Alaska Airlines bumped a real American hero – should I get involved?


Chris Parypa Photography / Shutterstock.com
Chris Parypa Photography / Shutterstock.com
It’s not every day that you hear from a real American hero like Chuck Yeager. Yes, the Chuck Yeager. It turns out he and his wife, Victoria, catch my syndicated column in The Sacramento Bee.

They contacted me after running into some trouble on two separate itineraries to Anchorage, and despite every effort to get things sorted out with Alaska Airlines, they couldn’t.

By the way, if you don’t know who Chuck Yeager is, look up the word “hero” in the dictionary. You see that guy? That’s Gen. Yeager.

Here’s what happened to the Yeagers: Victoria was booked from Sacramento to Anchorage with a stop in Seattle. Chuck was flying from Seattle to Anchorage on the same day. IThe couple planned to meet in Seattle and travel together to Alaska.

“When I arrived in Seattle, my husband was a little late, but still an hour ahead of the flight,” Victoria Yeager explained. “Alaska Airlines bumped us from the flight because they were overbooked.”

Alaska placed the Yeagers on the next available flight and offered them two $125 coupons. But it denied them the cash compensation they would have received if they’d been involuntarily denied boarding. Alaska says Gen. Yeager was a no-show on a flight from Sacramento to Seattle.

“He was never booked from Sacramento to Seattle,” says Victoria Yeager.

The Yeagers’ polite, written complaints to Alaska and later, to the Department of Transportation, got them nowhere. Under federal denied boarding compensation rules, they would have been entitled to cash compensation, depending on the circumstances.

Specifically:

If the airline arranges substitute transportation that is scheduled to arrive at your destination between one and two hours after your original arrival time (between one and four hours on international flights), the airline must pay you an amount equal to 200% of your one-way fare to your final destination that day, with a $650 maximum.

The Yeagers didn’t get that.

“They took $15 from each coupon because in order to use them, we had to purchase the tickets by phone, not on Alaska Airlines website,” Chuck Yeager noted in an email.

When the Yeagers finally got around to using the airline scrip, they found the terms to be less than desirable. They initially tried to use them to visit a friend, but had to cancel the trip because he was having health problems.

“So this year, we tried to make reservations using the canceled tickets,” wrote Gen. Yeager. “We got the runaround. Finally, we were told there is no way to do this on the website. So now, they will take $15 for the reservation by phone and to do the reservation by phone, a change fee of $100 applies, as opposed to a change fee of $75 on the web.”

I know what you’re thinking. They did this to Chuck Yeager? Really?

By the time the Yeagers contacted me and my team of volunteers, this circus had gone on for a while. Frankly, we couldn’t believe it.

One team member reached out to Alaska’s social media team. I forwarded the email thread to my Alaska contact. And our research director, Nancy Dickinson, phoned the Yeagers to make sure they were, well, who they said they were. They are.

The response from Alaska was a little puzzling.

I appreciated receiving your email regarding your flight experience to Anchorage, AK on August 15, 2013.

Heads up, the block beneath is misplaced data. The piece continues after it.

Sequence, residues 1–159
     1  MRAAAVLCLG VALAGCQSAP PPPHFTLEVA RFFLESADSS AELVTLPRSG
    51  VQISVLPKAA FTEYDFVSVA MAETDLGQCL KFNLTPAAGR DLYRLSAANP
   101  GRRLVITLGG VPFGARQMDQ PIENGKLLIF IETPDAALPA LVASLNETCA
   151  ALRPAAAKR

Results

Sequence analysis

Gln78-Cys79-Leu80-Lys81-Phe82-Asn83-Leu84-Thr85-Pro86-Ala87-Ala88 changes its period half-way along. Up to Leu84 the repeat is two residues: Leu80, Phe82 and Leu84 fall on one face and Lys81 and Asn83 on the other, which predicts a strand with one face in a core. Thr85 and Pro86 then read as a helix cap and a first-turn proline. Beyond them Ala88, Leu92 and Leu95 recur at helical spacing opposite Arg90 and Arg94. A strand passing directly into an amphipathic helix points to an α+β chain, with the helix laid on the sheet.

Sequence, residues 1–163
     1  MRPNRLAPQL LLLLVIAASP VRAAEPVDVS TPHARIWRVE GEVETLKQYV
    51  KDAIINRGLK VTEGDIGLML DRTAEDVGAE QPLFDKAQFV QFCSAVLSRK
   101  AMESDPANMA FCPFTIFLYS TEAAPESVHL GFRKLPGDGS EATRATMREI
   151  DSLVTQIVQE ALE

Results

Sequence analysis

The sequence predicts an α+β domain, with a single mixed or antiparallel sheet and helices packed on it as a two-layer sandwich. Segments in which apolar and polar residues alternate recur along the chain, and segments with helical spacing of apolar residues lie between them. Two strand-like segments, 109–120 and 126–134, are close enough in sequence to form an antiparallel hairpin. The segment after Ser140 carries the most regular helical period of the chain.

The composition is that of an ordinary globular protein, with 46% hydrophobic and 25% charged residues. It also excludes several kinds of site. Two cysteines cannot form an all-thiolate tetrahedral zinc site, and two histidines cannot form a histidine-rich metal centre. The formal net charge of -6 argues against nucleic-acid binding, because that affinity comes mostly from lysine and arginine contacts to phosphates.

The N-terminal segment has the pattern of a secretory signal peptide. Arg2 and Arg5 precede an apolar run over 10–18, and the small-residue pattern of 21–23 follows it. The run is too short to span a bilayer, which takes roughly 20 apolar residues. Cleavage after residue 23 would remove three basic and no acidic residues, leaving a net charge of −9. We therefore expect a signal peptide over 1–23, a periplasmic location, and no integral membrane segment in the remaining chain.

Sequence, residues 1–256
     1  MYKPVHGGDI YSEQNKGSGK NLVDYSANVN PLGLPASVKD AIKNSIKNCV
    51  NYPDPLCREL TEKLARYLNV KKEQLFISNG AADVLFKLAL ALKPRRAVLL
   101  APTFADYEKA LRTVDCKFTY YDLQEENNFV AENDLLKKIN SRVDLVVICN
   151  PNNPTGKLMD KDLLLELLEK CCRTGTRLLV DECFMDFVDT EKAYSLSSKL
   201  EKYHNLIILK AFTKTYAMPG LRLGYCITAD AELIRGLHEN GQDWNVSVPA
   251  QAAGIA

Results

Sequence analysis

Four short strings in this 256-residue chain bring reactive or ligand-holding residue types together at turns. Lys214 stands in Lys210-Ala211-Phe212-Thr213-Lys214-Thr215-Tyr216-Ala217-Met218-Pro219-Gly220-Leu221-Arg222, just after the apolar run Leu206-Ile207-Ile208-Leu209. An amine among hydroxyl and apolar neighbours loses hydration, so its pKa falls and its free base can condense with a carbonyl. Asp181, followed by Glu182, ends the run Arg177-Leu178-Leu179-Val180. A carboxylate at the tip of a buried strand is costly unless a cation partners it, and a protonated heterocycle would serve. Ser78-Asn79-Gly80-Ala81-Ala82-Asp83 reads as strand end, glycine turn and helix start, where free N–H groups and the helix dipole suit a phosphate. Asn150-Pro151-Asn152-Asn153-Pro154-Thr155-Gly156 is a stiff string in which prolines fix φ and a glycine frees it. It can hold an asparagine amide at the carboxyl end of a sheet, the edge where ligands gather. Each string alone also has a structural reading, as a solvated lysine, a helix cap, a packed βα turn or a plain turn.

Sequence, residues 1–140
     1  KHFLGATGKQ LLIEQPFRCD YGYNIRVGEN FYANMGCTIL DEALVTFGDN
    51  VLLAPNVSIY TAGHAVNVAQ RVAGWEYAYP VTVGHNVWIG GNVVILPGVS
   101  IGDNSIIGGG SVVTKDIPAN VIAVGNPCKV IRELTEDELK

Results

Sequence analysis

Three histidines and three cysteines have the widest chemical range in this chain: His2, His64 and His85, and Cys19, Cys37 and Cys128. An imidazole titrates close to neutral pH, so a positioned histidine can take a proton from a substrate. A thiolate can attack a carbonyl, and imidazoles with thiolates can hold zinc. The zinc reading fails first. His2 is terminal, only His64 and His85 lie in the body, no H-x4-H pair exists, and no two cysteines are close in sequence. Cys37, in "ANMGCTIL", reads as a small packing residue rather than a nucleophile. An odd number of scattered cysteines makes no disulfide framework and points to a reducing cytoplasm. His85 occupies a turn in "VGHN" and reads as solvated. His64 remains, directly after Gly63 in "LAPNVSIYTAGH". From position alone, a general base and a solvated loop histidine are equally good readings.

As a service-oriented business serving millions of passengers every year across three countries, we have implemented certain guidelines and procedures to ensure the service each customer receives is consistent and fair. I am deeply sorry for the troubles you experienced and will share your feedback with our Customer Service Manager at Sea-Tac International Airport to work diligently in an effort to prevent a similar situation from occurring again in the future.

Mr. Yeager, as a customer service gesture, I am including two Discount Codes. The discount is available for your use for one year from the date of issue. Please reference the appropriate code below at the time of booking on alaskaair.com. Discount Codes do not require a pin and need to be entered in the Discount Code box at the beginning of your reservation. Complete rules and restrictions can be found online at alaskaair.com.

[Enclosed two codes for $100.]

I hope that you and your family will accept my invitation to join us on another flight. I’m confident that we will once again live up to your expectations.

Hang on. The original complaint wasn’t from 2013. It appears Alaska was just responding to our initial query, and without having reviewed the entire complaint.

The Yeagers are understandably exasperated, and to be honest, so are we. More funny money? With all those restrictions in place, the vouchers aren’t worth much, and they don’t really say “I’m sorry” as much as they say, “I’m sorry for the way you feel.”

And then there’s this: You did it to Chuck Yeager? What were you thinking?

Several resolution team members fear that Alaska doesn’t know who Chuck Yeager is, which, if true, would be troubling on several levels.

So, now what? Do the general and his wife take the money? Should I get involved, beyond sending a polite query to my contact? In other words, should I take this up the chain and ask DOT and someone higher up at Alaska to give this case a more thorough review?

What should Gen. Yeager do?

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Christopher Elliott

Christopher Elliott is an author, journalist and consumer advocate. You can read more about him on his personal website or contact him at . Got a question or comment? You can post it on the new forum.

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